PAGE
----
- Current Regulations governing the awarding of units of credit – in an effort to build an understanding of available options for the awarding of credit for high school students in New York State, staff will develop a Part 100 guidance document that will contain FAQ’s related to this topic. For general information, students can currently earn units of credit toward a high school diploma in the following ways:
- Students receive at least 180 minutes of instruction per week throughout the school year (i.e., 108 hours of instruction for a full year course), or the equivalent, and demonstrate their mastery of the learning outcomes in the course (8 NYCRR § 100.1 [a], [b]). This option allows credit to be awarded after receiving instruction from certified teachers that is designed to ensure the achievement of the State’s learning standards.
- Certain students, approved by the superintendent, may earn a maximum of 6 ½ units of credit by passing a state-developed or state-approved examination with a score of 85 or higher and passing an oral examination or completing a special project (8 NYCRR §§100.1[b] and 100.5[d]). This option is available for those students seeking to accelerate through a given class or classes, thereby allowing them to take additional classes or to possibly graduate prior to their cohort date.
- Transfer students may be awarded units of credit for work done outside the registered New York State high school in which he/she is enrolling. Principals and other relevant faculty must review a student’s records and award transfer credit if certain criteria are met (8 NYCRR § 100.5 [d] ).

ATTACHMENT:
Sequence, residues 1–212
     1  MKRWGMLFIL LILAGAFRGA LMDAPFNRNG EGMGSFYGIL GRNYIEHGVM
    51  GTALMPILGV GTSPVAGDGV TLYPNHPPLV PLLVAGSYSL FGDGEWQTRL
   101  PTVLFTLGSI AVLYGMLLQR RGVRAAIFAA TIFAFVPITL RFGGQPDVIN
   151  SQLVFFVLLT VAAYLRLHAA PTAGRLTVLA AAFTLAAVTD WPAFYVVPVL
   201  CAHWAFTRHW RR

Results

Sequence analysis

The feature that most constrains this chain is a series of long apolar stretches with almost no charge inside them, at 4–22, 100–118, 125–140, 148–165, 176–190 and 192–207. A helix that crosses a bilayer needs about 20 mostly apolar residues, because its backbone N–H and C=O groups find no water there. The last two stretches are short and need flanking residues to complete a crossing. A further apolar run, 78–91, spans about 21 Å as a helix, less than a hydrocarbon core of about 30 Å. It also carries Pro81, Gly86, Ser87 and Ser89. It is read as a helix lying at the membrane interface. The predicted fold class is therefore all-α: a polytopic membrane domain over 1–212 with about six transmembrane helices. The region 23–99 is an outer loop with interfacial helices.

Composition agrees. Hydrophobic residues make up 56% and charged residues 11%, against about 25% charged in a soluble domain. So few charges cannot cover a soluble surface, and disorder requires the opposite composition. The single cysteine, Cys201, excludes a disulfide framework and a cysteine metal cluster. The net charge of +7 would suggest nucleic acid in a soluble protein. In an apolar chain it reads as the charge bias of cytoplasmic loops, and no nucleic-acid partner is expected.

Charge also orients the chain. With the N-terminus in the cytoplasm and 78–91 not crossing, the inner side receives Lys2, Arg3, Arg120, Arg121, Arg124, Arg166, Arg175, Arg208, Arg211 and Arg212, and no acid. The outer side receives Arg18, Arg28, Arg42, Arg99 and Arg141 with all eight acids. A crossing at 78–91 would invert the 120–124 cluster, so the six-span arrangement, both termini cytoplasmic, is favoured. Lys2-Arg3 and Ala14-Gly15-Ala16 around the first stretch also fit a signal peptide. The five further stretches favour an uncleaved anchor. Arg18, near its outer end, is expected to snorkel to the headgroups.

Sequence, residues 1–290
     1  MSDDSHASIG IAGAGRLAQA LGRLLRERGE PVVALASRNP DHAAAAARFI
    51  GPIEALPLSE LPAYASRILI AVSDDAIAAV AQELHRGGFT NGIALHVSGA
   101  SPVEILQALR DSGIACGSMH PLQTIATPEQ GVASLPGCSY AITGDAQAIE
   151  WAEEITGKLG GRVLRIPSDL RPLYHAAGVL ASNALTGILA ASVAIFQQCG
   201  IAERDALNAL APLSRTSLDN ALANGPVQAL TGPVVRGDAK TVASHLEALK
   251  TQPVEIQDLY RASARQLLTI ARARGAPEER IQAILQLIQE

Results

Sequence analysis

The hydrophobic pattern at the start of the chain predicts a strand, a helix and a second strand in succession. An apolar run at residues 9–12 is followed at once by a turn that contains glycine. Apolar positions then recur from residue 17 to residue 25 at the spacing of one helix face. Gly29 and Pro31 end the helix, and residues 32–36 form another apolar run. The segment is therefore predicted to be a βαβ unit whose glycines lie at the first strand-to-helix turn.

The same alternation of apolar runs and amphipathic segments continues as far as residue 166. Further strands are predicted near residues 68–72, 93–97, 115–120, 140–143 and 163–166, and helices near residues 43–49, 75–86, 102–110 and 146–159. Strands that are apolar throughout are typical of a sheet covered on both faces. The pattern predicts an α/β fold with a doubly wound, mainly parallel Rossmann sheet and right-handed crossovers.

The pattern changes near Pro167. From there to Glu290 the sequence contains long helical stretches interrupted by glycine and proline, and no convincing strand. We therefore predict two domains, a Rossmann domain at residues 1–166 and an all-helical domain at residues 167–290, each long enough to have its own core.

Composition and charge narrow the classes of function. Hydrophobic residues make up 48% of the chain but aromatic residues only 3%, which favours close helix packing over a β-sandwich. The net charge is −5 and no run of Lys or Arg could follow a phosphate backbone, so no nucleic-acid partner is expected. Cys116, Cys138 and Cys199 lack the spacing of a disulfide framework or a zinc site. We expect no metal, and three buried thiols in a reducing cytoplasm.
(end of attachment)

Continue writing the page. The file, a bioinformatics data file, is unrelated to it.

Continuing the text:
- Students may obtain the unit of credit in visual arts and/or music, dance or theatre by participating in certain specified performance groups or, in certain instances, out of school advanced activities (8 NYCRR §100.5[d]).
- Public school grade eight students may be awarded credit for successful completion of high school courses and passing related examinations if certain conditions are satisfied. Grade eight acceleration for diploma credit is offered to students who demonstrate readiness as determined by the superintendent or his or her designee (8 NYCRR § 100.4 [d]).
- Under specific circumstances, students may earn credit via summer school (8 NYCRR Part 110).
- Variances for Programs – School districts may request variances from the provisions of Part 100 of the Commissioner’s regulations as part of a proposed program designed to provide excellence in education. The district can apply for a variance under Commissioners Regulations 100.2[n]. Under this regulation, the application must set forth:
- the specific regulation(s) from which a variance is requested;
- the need for such variance;
- a detailed description of the program or activities which will be substituted for the requirement for which the variance is requested;
- the expected time needed to carry out the substitute program or activities;
- a plan for evaluating the substitute program or activities;
- the school or school district's agreement to submit a follow-up report to the commissioner within six months after conclusion of the substitute program or activities, and within one month after the end of each school year in the case of ongoing substitute programs or activities; and
- in lieu of the requirements set forth in (b) through (f) above, a statement and supporting evidence concerning the school's status of accreditation by a statewide or regional accrediting body recognized by the Commissioner may be submitted.
Staff will develop a system for review of submitted variances as well as guidance related thereto.
Summary - Taken collectively, these actions will provide a student the opportunity to attain a significant number of credits through non-traditional means, will increase opportunities for student learning in general, will allow greater flexibility for local schools, and will provide needed guidance to existing practices in the field.